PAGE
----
Map shows where you were 5 times more likely to die from Covid than the average

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The World Health Organisation (WHO) declared the coronavirus outbreak had escalated into a global pandemic on March 11, 2020. Just over three years later, on May 5, 2023 Director-General Tedros Adhanom Ghebreyesus pronounced it over.

By the end of 2021 alone, the agency estimated the disease was responsible for 15 million excess deaths. The UK was particularly hard hit.

According to health charity The King’s Fund, the pandemic had led to 139,000 unnecessary deaths in England and Wales by July 29, 2022. By the time the crisis ended, this figure had risen to 159,910.

In view of improving the country’s ability to respond to such crises in future, the Office for Health Improvement and Disparities has now collected and published data on excess mortality figures in England.

Breaking the figures down by local authority reveals the areas worst hit by coronavirus in the country.

Here, excess deaths are considered those above the 2015 to 2019 five-year average in each Upper-Tier Local Authority (UTLA) occurring between March 21, 2020 and May 5, 2023.

Lancashire recorded more excess mortality during the pandemic than any other area in England, at 5,040 – almost five times greater than the 1,075 average.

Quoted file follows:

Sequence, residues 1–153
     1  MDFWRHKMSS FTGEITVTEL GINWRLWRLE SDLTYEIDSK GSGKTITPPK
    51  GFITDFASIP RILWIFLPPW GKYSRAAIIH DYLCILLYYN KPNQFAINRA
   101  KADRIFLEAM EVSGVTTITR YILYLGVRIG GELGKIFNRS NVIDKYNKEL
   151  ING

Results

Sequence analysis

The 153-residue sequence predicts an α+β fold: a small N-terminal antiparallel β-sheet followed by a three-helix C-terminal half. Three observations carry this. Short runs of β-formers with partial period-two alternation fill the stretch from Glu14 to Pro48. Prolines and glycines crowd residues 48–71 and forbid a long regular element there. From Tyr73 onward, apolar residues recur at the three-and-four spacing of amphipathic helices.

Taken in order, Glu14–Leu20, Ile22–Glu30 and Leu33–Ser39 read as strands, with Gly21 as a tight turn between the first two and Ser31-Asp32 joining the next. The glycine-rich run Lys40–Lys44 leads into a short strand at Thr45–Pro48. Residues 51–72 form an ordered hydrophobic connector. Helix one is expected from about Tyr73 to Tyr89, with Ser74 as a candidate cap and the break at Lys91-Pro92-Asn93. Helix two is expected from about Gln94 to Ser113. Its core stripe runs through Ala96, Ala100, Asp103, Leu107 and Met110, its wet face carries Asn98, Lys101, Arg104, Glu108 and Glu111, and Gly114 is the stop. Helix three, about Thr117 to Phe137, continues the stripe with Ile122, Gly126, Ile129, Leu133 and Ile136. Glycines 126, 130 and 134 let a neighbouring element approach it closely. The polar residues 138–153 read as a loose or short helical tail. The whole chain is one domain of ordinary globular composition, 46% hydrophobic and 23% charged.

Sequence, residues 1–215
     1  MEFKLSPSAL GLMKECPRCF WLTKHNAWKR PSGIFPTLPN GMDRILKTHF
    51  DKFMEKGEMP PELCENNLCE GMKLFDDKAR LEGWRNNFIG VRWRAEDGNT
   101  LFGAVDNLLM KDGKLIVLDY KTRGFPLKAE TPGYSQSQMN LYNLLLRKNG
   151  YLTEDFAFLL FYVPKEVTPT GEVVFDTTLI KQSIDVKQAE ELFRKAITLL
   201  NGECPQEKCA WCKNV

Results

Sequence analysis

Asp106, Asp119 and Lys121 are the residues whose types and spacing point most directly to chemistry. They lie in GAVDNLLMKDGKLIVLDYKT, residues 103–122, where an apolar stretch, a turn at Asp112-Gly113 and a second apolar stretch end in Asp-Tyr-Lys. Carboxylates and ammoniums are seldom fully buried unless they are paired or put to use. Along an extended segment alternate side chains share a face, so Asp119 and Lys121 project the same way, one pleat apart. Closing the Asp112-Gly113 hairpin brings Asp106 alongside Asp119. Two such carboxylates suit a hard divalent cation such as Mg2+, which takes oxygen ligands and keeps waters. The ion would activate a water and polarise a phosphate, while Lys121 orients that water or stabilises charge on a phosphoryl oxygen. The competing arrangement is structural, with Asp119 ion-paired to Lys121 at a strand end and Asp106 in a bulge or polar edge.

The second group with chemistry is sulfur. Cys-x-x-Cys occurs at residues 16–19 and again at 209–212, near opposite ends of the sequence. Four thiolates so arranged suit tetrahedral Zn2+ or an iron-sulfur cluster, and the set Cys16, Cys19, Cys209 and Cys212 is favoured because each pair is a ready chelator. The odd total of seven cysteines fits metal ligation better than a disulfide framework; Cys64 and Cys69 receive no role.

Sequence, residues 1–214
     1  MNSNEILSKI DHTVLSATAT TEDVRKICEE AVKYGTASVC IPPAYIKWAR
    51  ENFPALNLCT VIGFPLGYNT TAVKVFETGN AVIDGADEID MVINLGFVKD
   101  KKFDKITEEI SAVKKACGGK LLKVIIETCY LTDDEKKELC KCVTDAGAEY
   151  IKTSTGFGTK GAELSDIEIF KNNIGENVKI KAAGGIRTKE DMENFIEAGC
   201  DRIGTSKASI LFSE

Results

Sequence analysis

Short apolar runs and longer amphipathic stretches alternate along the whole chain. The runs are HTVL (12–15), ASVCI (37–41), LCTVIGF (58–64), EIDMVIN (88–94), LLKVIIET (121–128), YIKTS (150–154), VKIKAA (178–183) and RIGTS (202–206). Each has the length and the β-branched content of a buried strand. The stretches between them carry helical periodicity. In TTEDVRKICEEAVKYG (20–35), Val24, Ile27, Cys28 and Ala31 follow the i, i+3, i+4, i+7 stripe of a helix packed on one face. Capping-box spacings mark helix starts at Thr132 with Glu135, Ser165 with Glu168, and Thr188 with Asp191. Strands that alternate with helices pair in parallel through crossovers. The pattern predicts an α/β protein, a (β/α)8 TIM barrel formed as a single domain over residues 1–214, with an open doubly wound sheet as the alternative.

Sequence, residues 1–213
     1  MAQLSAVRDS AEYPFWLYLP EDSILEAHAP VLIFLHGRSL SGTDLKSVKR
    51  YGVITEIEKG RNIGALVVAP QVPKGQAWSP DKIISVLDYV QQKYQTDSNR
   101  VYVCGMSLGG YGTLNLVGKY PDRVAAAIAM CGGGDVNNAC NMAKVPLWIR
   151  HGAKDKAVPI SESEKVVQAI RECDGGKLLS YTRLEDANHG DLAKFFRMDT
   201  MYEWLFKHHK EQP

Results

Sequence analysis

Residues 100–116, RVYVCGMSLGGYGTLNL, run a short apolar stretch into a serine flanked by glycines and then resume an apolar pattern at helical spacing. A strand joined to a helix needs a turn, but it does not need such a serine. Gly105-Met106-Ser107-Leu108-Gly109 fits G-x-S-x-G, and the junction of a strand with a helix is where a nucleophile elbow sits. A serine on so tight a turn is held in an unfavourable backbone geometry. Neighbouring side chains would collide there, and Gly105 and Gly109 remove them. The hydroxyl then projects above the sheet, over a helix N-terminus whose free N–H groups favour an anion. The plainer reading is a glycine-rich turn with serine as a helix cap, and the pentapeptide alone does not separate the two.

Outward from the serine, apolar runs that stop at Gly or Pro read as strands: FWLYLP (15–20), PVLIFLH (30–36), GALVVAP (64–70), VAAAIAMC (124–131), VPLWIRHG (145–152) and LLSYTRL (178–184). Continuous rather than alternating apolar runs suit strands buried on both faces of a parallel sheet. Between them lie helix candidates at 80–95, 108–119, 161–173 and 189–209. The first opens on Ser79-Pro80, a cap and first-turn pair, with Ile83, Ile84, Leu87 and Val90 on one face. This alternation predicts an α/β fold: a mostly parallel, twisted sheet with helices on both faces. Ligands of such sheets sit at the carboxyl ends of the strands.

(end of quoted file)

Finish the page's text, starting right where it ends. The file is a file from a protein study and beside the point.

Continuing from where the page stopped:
On the Irish Sea coast in the North West, the county is home to the cities of Blackpool, Blackburn, Preston and Burnley. 

According to the latest Health Index compiled by the Office for National Statistics (ONS) – an overall indicator measuring physical health, mental health, living conditions, crime and access to services – Blackpool was found to be the least healthy area in the country.

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Data from Census 2021 echoes this. Nationally, 5.3 percent of the population reported being in “bad” or “very bad” health – in Blackpool, this proportion rose to 8.8 percent, the sixth-worst figure in the country. Blackburn with Darwen also came in above-average with 7.8 percent, as did Preston (6.5). 

Lancashire was followed by Birmingham, which recorded 4,384 excess deaths, Kent (4,289) and Norfolk (3,287). 

On the other end of the spectrum, of the ten areas with the lowest excess death tallies, six were in Greater London. Camden fared best of all – the only council in England to record a death count below expectations throughout the pandemic, with 36 fewer than forecast.

The fact that some of the wealthiest boroughs in the capital were spared the brunt of the pandemic – Islington, Westminster, Kensington and Chelsea all in this bottom ten – chimes with research by The King’s Fund that found mortality to be “2.6 times higher in the most deprived than the least deprived tenth of areas.”

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